I Wanna Hold Your Hand (1978)

Fanboys

***This Review Contains Spoilers***

I Wanna Hold Your Hand follows a group of fanboys and fanboyettes who put all modern day internet fan communities to shame on a journey to meet their idols. There’s a lot of screaming, shouting and overall hyperactivity with its lightning fast, 1930’s-like repertoire and I watched the entire film with the biggest smile on my face. Crazy over the top comedies like these are my forte and I Wanna Hold Your Hand is one of the most energetic I’ve ever seen. The film begins with Ed Sullivan (Played by Ed Sullivan look-a-like Will Jordan) on the set on his own show off air introducing the movie Patton style, setting the stage for just how big The Beatles had become by January 1964. This was only three months after the assassination of JFK but this is never mentioned in the film. The film shows how Beatlemania provided an escape from the real world.

Wendie Jo Sperber and Eddie Deezen (a voice forever implanted into my head from years of childhood exposure on Dexter’s Laboratory) as Rosie and Ringo (as he calls himself) are the two most hyperactive of the cast members. I find it adorable that these two, one a social outcast and the other puppy dog eyed time bomb being brought together through their insane Beatles’ worship; especially when Rosie tells Ringo, “You’re the only boy I feel I can really talk to”. Likewise, Pam Mitchell’s (Nancy Allen) scene in which she invades The Beatles’ hotel room as she strokes and licks Ringo Star’s guitar neck is erotic cinema at its finest (she even takes off her engagement ring and puts t into her shoe beforehand, nice touch). The cinematography really puts a lot of emphases put on that guitar neck only for Ringo himself to later comment that it’s covered in sticky stuff, sexy. I’d do the same thing as well, not with The Beatles but there are other celebrities of whom I was in their hotel room I would be rubbing my face against everything they’ve touched and don’t lie, you would too.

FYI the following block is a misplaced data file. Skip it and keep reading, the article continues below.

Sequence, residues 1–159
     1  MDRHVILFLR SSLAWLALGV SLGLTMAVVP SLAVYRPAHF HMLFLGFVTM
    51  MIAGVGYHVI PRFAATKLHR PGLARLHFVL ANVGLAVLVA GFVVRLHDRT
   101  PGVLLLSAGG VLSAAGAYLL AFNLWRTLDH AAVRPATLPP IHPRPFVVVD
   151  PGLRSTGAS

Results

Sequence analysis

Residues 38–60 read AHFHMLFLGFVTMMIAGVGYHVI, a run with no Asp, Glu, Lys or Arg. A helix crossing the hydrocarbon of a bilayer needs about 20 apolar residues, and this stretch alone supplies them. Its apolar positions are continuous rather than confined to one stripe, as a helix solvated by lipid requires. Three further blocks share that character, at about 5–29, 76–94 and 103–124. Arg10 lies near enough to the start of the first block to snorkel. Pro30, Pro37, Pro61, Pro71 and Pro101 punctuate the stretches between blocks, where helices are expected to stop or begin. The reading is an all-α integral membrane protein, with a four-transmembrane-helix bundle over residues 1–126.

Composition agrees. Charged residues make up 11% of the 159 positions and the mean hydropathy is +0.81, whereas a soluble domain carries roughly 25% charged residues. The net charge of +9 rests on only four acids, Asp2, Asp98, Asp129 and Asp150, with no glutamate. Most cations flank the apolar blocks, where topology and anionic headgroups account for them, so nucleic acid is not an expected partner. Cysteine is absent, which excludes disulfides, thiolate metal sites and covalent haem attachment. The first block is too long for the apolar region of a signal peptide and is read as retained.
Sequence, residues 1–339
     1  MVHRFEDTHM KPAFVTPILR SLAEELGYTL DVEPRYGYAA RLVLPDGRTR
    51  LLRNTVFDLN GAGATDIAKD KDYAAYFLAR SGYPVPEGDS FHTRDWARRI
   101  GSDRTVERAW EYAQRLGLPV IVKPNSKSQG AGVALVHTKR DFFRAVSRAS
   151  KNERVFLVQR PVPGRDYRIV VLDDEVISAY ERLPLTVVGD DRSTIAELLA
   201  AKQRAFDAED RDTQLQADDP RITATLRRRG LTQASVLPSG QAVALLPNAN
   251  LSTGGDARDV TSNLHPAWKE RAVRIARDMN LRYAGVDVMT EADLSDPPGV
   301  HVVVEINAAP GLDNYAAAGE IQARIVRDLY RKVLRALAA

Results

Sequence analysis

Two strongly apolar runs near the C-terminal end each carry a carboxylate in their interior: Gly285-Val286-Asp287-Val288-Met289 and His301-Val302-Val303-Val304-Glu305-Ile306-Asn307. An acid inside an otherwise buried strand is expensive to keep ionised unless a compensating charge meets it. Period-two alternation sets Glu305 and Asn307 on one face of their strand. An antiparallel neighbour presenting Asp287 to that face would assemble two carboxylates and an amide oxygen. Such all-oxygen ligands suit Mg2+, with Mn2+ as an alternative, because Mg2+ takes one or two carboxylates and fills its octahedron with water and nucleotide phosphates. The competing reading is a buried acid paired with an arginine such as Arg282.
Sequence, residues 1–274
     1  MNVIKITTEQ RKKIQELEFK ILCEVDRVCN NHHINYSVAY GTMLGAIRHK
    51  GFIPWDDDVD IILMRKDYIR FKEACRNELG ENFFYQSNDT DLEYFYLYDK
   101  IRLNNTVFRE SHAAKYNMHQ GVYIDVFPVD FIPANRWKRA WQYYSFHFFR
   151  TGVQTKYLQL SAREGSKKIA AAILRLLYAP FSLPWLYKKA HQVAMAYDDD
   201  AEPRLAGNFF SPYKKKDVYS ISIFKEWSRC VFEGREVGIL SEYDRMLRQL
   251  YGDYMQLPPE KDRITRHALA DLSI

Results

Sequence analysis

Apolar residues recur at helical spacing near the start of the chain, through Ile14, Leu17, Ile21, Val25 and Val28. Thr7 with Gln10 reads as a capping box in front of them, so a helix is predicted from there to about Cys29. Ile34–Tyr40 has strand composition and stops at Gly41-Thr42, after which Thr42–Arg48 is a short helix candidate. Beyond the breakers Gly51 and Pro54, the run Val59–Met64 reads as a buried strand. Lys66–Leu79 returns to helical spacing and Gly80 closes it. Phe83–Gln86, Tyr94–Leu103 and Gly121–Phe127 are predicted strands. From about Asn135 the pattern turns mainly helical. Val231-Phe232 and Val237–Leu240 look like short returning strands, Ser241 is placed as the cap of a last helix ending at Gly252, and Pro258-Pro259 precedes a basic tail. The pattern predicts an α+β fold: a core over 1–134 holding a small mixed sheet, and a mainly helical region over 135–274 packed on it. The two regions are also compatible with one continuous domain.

I Wanna Hold Your Hand also features Paul Newman’s daughter Susan Kendall Newman in her second of three film appearances. Her character of Janis is introduced complaining to the manager of a record store that “all I see around the store is Beatle albums. What about Bob Dylan, Joan Baez, don’t they get equal floor space?”; back to the USSR for you Ms. Frankfurt School. It seems every generation has their socially righteous trying to ruin everyone’s fun although the movie does manage to make her into a sympathetic and more likable character as the film progresses. The film even gives significant attention to Beatles’ haters. One of the film’s greasers Tony (Bobby Di Cicco) hates The Beatles so much he abuses Beatles’ fans and even attempts to sabotage their appearance on The Ed Sullivan Show; talk about haters gonna hate.

The other stroke of genius is while we do see The Beatles they are never shown in their entirety. Rather the film takes the Ben-Hur Jesus approach in which only the bodies are seen but never the faces. If they actually did cast actors to play The Beatles in which we see their faces it would take you out of the film. There are even shades of American Graffiti present in I Wanna Hold Your Wand with its early 1960’s setting, young people, rock music and cars.

I Wanna Hold Your Hand marked the directorial debut of Robert Zemeckis. Like in Zemeckis’ Forrest Gump years later, I Wanna Hold Your Hand combines fiction surrounding a historical event. Much of the film’s cast being reunited the following year in the comically less successful 1941 (directed by Steven Spielberg) despite also being written by Zemeckis and Bob Gale. I’ve always considered Zemeckis to be a much better director than Spielberg.